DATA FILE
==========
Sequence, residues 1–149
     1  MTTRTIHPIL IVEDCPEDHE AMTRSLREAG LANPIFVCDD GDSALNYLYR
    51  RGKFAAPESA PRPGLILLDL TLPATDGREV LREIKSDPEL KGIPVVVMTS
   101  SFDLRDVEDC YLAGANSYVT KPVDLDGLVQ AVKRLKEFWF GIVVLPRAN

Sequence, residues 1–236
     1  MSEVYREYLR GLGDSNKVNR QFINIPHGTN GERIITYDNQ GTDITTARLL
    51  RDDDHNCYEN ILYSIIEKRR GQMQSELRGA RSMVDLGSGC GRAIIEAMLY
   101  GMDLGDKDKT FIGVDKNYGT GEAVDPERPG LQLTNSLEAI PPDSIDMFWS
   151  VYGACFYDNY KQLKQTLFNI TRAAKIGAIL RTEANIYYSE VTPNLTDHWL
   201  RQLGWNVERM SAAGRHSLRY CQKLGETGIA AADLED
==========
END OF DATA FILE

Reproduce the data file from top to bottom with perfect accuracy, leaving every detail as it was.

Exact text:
Sequence, residues 1–149
     1  MTTRTIHPIL IVEDCPEDHE AMTRSLREAG LANPIFVCDD GDSALNYLYR
    51  RGKFAAPESA PRPGLILLDL TLPATDGREV LREIKSDPEL KGIPVVVMTS
   101  SFDLRDVEDC YLAGANSYVT KPVDLDGLVQ AVKRLKEFWF GIVVLPRAN

Sequence, residues 1–236
     1  MSEVYREYLR GLGDSNKVNR QFINIPHGTN GERIITYDNQ GTDITTARLL
    51  RDDDHNCYEN ILYSIIEKRR GQMQSELRGA RSMVDLGSGC GRAIIEAMLY
   101  GMDLGDKDKT FIGVDKNYGT GEAVDPERPG LQLTNSLEAI PPDSIDMFWS
   151  VYGACFYDNY KQLKQTLFNI TRAAKIGAIL RTEANIYYSE VTPNLTDHWL
   201  RQLGWNVERM SAAGRHSLRY CQKLGETGIA AADLED